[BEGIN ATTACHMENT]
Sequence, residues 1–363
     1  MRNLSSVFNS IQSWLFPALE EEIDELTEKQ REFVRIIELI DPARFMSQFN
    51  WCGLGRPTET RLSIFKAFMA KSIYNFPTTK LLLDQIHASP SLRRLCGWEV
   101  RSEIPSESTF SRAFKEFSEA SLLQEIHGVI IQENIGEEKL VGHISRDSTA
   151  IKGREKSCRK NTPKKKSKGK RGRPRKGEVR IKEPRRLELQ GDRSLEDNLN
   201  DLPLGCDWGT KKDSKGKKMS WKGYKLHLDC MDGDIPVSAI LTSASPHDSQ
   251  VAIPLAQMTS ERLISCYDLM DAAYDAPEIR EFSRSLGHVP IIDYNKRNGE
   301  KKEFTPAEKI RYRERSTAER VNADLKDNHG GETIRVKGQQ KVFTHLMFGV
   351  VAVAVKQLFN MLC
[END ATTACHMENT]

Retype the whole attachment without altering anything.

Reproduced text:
Sequence, residues 1–363
     1  MRNLSSVFNS IQSWLFPALE EEIDELTEKQ REFVRIIELI DPARFMSQFN
    51  WCGLGRPTET RLSIFKAFMA KSIYNFPTTK LLLDQIHASP SLRRLCGWEV
   101  RSEIPSESTF SRAFKEFSEA SLLQEIHGVI IQENIGEEKL VGHISRDSTA
   151  IKGREKSCRK NTPKKKSKGK RGRPRKGEVR IKEPRRLELQ GDRSLEDNLN
   201  DLPLGCDWGT KKDSKGKKMS WKGYKLHLDC MDGDIPVSAI LTSASPHDSQ
   251  VAIPLAQMTS ERLISCYDLM DAAYDAPEIR EFSRSLGHVP IIDYNKRNGE
   301  KKEFTPAEKI RYRERSTAER VNADLKDNHG GETIRVKGQQ KVFTHLMFGV
   351  VAVAVKQLFN MLC